Merriam-Webster’s Word of the Day for September 18, 2020 is:
delve DELV verb
1 : to dig or labor with or as if with a spade
2 a : to make a careful or detailed search for information
b : to examine a subject in detail
“‘My brother and I,’ said he, ‘were, as you may imagine, much excited as to the treasure which my father had spoken of. For weeks and for months we dug and delved in every part of the garden, without discovering its whereabouts.'” — Sir Arthur Conan Doyle, The Sign of the Four, 1890
“They’ll soon release a second short, Climate Crisis, and Why We Should Panic. It will be voiced by Kiera Knightley, and delves into the cause of climate change and why governments must enter crisis mode to handle the issue.” — Angie Martoccio, Rolling Stone, 13 Aug. 2020
Did you know?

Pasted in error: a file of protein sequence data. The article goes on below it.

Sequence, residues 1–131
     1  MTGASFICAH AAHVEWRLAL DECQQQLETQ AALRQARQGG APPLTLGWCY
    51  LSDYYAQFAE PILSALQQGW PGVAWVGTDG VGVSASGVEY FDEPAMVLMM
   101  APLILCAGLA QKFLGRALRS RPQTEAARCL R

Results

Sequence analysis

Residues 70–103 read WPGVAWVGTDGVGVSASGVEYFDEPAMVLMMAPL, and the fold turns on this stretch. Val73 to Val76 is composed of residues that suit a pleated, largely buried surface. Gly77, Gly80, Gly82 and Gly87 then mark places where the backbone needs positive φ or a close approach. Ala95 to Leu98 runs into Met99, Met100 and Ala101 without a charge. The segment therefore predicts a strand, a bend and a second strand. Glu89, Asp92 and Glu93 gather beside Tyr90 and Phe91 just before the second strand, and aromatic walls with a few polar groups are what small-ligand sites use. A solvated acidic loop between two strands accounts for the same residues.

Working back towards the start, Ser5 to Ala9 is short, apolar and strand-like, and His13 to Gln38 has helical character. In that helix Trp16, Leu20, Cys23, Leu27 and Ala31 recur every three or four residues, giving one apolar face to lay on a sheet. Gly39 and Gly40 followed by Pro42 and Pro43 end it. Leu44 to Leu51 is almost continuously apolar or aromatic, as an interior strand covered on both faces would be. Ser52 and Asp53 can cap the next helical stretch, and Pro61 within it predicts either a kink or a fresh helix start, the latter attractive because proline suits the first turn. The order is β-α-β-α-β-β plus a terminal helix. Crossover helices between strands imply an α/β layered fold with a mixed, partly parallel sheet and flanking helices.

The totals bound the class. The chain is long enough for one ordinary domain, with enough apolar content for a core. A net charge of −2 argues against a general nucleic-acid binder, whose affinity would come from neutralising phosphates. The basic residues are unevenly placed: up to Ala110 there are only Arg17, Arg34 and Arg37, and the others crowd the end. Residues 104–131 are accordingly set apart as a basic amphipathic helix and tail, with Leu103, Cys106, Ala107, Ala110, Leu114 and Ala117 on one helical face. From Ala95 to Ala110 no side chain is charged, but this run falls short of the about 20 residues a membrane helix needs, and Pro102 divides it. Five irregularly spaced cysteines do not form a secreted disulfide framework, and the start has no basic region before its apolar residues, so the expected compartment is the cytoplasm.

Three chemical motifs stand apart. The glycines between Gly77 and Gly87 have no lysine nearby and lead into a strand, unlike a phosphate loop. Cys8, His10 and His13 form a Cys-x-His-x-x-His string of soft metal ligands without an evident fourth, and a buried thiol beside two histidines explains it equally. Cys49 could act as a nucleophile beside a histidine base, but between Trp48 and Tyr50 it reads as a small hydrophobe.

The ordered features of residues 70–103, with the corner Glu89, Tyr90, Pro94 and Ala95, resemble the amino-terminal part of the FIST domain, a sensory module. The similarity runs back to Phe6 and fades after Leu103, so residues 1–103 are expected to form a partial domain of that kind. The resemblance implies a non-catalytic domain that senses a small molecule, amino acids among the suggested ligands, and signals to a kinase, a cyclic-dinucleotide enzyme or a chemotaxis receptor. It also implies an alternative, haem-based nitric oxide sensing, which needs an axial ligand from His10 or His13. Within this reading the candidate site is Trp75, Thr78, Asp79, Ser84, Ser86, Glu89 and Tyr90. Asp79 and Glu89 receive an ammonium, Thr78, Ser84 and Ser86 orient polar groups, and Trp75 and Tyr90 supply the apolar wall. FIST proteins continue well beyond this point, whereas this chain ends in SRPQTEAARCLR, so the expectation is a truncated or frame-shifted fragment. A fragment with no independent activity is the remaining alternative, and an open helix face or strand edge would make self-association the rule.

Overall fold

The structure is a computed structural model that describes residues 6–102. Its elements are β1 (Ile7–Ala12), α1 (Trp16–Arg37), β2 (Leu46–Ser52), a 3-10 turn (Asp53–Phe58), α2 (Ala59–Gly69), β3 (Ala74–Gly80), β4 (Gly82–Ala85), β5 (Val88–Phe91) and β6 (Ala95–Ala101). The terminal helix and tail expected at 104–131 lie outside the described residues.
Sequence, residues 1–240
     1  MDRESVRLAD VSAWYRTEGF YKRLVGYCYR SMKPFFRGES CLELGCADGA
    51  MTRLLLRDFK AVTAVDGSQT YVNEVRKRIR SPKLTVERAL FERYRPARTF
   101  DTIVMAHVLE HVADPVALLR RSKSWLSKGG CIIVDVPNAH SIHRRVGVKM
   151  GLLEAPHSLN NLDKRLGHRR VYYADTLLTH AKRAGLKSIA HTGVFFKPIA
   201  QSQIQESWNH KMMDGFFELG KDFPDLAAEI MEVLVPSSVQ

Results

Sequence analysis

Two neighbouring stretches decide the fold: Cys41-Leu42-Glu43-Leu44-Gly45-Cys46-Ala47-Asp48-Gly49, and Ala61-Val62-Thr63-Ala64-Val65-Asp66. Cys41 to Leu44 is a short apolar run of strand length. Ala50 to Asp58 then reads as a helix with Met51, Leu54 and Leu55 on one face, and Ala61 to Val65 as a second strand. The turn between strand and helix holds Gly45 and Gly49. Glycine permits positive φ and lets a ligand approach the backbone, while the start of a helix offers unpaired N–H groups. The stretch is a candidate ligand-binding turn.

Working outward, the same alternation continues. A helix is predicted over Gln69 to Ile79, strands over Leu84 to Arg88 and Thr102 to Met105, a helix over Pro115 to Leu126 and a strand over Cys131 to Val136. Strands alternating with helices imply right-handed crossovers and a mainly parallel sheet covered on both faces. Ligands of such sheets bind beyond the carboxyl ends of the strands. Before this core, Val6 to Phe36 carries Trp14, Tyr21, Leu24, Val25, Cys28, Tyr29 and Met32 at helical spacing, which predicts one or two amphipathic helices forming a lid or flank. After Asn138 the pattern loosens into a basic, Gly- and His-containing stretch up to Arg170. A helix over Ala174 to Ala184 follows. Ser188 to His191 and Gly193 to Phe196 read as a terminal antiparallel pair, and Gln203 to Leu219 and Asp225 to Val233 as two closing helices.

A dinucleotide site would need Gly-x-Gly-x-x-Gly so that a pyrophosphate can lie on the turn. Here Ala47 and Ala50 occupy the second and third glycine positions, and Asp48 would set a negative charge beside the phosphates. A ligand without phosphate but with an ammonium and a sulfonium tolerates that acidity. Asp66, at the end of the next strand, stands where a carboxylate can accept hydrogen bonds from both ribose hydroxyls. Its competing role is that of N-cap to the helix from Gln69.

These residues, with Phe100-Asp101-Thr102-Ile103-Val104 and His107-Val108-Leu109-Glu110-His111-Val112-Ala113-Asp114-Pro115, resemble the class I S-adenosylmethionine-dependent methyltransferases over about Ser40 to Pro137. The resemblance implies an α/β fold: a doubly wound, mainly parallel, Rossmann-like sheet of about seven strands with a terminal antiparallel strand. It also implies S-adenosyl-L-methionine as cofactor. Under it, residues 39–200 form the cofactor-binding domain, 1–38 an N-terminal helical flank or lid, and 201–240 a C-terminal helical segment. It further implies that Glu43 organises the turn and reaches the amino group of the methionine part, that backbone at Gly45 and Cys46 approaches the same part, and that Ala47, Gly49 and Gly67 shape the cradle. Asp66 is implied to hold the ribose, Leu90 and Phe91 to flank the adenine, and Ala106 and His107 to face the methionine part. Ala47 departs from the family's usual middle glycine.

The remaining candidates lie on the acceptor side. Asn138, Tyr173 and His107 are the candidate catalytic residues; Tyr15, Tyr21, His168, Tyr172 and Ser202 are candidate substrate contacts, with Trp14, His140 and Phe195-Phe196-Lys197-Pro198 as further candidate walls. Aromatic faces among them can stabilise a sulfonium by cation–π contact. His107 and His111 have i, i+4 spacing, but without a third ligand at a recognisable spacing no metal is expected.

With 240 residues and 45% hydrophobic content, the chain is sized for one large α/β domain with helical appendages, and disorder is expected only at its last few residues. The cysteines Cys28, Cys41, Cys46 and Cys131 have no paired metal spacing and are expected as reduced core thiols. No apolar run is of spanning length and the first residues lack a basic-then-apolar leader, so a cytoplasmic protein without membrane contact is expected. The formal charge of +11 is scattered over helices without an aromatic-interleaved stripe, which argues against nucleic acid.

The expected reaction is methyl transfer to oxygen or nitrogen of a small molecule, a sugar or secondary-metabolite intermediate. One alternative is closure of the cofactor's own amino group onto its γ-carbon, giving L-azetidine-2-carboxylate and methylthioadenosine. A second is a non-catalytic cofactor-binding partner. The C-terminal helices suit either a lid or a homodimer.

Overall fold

We must dig deep into the English language’s past to find the origins of delve. The verb traces to the early Old English word delfan and is related to the Old High German word telban, meaning “to dig.” For centuries, there was only delving—no digging—because dig didn’t exist until much later; it appears in early Middle English. Is the phrase “dig and delve” (as in the line “eleven, twelve, dig and delve,” from the nursery rhyme that begins “one, two, buckle my shoe”) redundant? Not necessarily. According to the Oxford English Dictionary, in some local uses, dig was the term for working with a mattock (a tool similar to an adze or a pick), while delve was reserved for work done using a spade.